They agreed that David and Solomon were in heaven despite some terrible deeds, but they never explained why. David broke the Ten Commandments, but he still had salvation. Solomon did not persevere in good works at the end of his life.
Relationship and fellowship are separate, and there is a difference between entering the kingdom and inheriting the kingdom.
But they didn’t know the difference between eternal salvation and maturing in our journey of sanctification.
They didn’t know of God’s chastisement of lazy believers.
Some didn’t acknowledge crowns and rewards for believers who will be judged for their works.
No one understood the difference between the Judgment Seat of Christ and the Great White Throne Judgment—they lumped them together.
Understanding the Audience
I read the NT. Except for John’s Gospel, most of it is written to believers. People said, “I don’t think that is a fact,” or “Those writings are to believers and unbelievers.”
So I went book-by-book to prove that the epistles are to believers, urging them to be better disciples and that they concerned degrees of fellowship.
By contrast, John’s Gospel is about how to get eternal life if you are an unbeliever (John 20:31).
When I told people this, none of them understood the distinction and passed over it quickly.
I counted the word “believe” almost 99 times in John’s Gospel. Jesus tells unbelievers how to get salvation and be sure of it.
When I mentioned the Gospel of John never lists submission or repentance or obedience to receive everlasting life, they said, “That is an argument from silence,” or “So what?” or “Those three words [submit, repent, obey] occur in other parts of the NT.” I said yes, they are mentioned, but in the context of believers. They were not convinced. One deacon told me I am a heretic because I pointed out that repentance is not mentioned in John’s Gospel. No one in the class wondered why John omitted the word. They said repentance is essential, and I agreed that it is essential for one who is already a believer, but not essential for one to become a believer. To them, that was heresy.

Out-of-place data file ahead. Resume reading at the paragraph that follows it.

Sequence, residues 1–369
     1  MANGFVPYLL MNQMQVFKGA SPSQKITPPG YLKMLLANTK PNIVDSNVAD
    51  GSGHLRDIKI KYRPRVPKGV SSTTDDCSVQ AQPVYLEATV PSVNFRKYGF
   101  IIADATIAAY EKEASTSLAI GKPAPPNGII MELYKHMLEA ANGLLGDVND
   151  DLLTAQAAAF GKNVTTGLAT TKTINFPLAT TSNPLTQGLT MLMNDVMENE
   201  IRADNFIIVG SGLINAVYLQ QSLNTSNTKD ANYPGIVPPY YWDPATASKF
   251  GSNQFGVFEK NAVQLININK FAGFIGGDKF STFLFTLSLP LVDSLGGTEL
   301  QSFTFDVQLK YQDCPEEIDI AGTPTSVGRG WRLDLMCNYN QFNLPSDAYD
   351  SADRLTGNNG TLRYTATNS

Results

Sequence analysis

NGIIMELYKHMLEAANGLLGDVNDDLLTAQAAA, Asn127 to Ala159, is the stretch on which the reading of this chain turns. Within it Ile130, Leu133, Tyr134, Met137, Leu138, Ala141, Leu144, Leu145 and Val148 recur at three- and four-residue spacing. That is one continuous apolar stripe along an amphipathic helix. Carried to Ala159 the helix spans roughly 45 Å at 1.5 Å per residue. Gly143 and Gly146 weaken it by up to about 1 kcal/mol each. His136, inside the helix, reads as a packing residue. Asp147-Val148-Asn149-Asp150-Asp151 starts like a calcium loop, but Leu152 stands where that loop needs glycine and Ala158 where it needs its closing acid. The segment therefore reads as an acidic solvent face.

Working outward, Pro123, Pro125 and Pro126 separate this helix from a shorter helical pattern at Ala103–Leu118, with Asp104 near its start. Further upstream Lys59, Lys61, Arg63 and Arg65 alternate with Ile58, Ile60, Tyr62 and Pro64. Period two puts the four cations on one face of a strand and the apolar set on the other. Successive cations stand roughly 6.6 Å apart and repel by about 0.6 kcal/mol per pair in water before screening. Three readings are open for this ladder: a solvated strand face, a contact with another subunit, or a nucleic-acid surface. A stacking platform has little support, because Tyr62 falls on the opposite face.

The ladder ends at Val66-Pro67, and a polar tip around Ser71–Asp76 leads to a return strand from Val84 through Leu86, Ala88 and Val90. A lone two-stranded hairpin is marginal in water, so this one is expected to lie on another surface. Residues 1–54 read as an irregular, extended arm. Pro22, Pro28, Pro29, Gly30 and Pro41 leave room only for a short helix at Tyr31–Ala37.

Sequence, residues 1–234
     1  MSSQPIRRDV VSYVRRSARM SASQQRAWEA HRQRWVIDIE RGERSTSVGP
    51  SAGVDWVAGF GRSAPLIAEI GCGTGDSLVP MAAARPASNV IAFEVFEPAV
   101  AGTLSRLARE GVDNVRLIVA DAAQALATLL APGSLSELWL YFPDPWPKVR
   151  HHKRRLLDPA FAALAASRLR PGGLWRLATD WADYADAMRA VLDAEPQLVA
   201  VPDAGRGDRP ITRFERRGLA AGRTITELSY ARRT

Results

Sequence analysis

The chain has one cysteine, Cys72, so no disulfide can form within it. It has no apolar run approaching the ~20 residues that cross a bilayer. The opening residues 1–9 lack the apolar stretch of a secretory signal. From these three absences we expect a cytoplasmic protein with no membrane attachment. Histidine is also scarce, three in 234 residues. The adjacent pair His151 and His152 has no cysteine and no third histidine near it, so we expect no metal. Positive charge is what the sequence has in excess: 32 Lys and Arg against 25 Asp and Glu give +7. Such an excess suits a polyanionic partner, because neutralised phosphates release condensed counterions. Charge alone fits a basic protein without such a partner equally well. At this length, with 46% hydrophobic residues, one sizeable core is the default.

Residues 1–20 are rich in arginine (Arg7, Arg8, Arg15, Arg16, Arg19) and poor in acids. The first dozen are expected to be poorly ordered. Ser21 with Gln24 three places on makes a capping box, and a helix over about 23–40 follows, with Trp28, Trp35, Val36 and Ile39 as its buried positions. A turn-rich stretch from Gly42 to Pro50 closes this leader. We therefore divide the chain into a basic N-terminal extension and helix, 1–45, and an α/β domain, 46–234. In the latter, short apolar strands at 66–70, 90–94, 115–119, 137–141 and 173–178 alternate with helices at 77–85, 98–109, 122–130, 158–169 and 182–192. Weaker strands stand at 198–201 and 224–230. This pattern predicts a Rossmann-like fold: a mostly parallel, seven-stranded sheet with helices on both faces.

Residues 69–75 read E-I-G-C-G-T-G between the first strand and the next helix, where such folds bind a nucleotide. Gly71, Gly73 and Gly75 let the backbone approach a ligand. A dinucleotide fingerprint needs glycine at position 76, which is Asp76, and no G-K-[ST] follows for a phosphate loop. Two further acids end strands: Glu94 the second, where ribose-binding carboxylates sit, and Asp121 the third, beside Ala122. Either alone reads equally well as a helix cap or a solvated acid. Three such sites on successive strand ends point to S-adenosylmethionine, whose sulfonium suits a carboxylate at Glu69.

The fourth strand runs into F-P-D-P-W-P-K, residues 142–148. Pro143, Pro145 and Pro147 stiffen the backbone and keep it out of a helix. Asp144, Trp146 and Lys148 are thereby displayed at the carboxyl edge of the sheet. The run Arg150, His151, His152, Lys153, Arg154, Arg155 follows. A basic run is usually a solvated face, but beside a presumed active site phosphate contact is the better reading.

I knew salvation is a free gift, but I was accused of cheap grace and semi-Pelagianism.
Some said even the demons believe. I agreed, but the demons are not candidates for eternal salvation and thus do not believe in Jesus for eternal life. Jesus died for human beings, not for demons.
Sticking with Grace
It is lonely to have all these thoughts.
I have respect for other Christians, but I think some teach error. Unlike what I have had others tell me, I want to tell people the truth of salvation. I want to go to a person and tell him, “Based upon your testimony to me about your believing in Christ, you have everlasting life and eternal security.”
I have read Calvin, Edwards, Bunyan, Spurgeon, Ryle, Lloyd-Jones, and a host of men like them, and I find their expositions of Scripture to be in-depth and helpful in many ways. But I also find it hard to believe that my entrance into heaven depends on persevering in works. So I part with those men on how to get eternal life. I am sticking with John’s Gospel!
Believe in Jesus Christ alone for eternal life.
Andrew Engelman is a Soviet refugee and has lived and worked all over the world for multinational companies. Married for 51 years, he has two daughters and five grandchildren.